How to Use Default Values for Functions in Python

  • consider the following one-liner illustrating the syntax of default value assignment
def printMessage(message="Hello World"): print(message)>>> printMessage()
Hello World

1. DEFAULT VALUES COME LAST

  • rule: in a function definition, parameters with default values must come after those without default values
  • parameters specified in a function definition with def are a comma-separated list
  • as you may know, function parameters they can be made optional by assigning a default values to the parameter as illustrated in the example above
  • …and you get a syntax error if you don’t sign function call with all arguments that don’t have an assigned default value

2. DEFAULT VALUES SHOULD BE USED ONLY ON IMMUTABLE TYPES

  • rule: do not use mutable default values; use only immutable default values
  • the default value for an argument is only evaluated once, at the time the enclosing def statement is executed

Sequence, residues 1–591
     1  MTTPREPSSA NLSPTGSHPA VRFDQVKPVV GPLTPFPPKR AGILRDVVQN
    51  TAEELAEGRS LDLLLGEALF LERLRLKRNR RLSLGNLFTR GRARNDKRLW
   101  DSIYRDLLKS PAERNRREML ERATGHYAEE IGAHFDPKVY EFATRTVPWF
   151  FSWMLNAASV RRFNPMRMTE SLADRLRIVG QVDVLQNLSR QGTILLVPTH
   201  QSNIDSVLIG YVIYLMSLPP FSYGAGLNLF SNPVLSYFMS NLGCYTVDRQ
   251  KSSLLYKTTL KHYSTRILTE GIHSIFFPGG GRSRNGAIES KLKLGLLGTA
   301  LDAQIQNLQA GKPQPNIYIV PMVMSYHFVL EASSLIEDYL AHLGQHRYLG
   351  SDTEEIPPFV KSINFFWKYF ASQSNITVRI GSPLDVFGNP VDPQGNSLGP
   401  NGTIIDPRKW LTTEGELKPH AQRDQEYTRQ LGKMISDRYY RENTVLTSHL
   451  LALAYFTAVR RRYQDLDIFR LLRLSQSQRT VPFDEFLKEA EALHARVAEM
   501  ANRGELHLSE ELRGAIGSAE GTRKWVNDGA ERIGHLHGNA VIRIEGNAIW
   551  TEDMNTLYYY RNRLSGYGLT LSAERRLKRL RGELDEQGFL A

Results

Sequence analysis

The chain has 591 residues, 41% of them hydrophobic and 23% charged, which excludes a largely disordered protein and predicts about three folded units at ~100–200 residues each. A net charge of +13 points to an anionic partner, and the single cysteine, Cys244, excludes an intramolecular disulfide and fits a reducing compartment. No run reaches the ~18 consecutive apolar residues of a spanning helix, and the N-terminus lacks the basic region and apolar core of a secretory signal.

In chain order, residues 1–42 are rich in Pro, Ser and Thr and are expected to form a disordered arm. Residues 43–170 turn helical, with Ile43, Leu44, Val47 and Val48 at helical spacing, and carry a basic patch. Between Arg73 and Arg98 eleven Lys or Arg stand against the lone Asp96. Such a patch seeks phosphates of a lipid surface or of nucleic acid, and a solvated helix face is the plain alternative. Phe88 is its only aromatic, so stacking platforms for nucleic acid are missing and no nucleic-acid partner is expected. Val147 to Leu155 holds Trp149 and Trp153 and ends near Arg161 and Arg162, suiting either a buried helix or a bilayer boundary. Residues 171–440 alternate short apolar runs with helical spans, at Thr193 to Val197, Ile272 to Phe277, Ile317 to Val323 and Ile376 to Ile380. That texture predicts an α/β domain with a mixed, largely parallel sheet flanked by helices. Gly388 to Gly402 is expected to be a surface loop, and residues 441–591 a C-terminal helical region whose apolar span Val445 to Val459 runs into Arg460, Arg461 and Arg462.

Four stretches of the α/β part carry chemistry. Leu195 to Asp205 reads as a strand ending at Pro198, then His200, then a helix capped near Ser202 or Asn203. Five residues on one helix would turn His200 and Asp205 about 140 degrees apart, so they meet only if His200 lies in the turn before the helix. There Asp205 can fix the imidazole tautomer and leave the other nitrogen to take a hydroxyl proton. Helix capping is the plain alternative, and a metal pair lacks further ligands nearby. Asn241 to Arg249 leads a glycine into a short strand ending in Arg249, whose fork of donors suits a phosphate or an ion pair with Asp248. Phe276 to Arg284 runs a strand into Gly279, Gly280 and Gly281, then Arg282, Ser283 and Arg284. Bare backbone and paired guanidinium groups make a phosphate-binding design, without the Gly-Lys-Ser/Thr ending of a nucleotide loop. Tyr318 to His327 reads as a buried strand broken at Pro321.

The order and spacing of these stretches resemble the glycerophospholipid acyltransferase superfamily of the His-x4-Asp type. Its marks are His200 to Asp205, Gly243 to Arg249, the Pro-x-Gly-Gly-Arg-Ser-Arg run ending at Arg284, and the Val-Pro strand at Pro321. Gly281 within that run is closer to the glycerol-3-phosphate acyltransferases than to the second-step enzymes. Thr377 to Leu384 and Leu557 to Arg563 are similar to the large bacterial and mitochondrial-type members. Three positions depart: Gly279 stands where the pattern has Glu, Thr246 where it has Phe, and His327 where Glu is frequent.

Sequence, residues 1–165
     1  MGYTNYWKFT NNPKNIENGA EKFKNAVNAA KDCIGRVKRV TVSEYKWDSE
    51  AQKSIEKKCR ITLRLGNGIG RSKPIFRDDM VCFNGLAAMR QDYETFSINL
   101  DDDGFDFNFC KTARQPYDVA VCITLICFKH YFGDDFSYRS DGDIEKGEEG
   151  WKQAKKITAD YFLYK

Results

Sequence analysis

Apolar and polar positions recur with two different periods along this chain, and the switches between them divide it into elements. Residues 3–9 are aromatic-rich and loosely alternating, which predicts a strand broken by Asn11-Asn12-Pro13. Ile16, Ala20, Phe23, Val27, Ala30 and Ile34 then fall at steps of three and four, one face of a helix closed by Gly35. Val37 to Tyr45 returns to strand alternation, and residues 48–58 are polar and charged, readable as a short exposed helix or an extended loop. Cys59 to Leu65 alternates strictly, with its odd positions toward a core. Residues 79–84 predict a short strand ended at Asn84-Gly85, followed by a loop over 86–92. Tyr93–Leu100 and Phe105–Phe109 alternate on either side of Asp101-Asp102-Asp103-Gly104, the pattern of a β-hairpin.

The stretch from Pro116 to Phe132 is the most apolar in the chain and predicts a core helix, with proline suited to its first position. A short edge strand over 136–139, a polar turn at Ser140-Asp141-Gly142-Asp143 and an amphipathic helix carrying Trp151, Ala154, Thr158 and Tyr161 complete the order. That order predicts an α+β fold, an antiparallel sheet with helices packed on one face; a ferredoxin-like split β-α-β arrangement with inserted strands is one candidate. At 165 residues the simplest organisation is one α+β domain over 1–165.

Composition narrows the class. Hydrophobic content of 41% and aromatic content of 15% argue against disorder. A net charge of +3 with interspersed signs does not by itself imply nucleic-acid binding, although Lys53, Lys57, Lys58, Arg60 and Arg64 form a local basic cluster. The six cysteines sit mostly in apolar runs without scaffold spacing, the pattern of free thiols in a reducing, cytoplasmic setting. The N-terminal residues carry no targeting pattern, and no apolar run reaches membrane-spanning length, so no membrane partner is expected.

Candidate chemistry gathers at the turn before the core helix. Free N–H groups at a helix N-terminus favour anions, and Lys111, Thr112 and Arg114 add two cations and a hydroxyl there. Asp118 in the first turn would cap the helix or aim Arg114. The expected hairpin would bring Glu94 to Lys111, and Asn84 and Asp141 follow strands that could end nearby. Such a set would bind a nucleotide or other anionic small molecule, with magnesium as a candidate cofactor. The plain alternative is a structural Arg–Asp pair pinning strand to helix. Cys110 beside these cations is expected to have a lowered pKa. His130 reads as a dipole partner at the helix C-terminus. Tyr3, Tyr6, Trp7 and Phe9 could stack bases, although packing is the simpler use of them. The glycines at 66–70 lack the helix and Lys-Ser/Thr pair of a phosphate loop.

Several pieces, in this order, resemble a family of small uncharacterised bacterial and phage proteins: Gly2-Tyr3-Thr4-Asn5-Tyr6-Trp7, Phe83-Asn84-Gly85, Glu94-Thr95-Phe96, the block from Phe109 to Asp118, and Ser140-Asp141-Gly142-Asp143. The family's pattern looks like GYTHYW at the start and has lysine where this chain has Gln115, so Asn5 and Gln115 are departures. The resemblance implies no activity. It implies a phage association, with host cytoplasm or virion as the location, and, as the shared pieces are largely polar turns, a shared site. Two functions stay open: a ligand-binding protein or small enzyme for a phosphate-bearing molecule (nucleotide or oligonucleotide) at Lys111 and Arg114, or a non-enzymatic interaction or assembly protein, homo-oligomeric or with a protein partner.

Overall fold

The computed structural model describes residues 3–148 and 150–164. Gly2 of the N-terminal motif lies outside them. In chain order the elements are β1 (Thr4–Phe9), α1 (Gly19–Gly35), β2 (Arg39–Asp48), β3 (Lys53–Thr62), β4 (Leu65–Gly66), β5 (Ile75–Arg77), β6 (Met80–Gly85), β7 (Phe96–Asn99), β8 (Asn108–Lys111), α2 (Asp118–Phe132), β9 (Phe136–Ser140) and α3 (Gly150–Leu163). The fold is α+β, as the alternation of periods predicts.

• the enclosing def statement is typically executed upon `import`
  1. ints
  2. float
  3. string
  4. tupple
  • lots of newcomers to Python are affected by this
  • remember that def itself is a statement executed at runtime (there is no hoisting)
  • i.e. this is dynamic and no matter how many times you call that the function object is created only once with def
  • this can also have other negative consequences when using e.g. lists as default values
  • the fix is to use immutable-only for default function values

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Pavol Kutaj

Pavol Kutaj

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Infrastructure Support Engineer/Technical Writer (snowplow.io) with a passion for Python/writing documentation. More about me: https://pavol.kutaj.com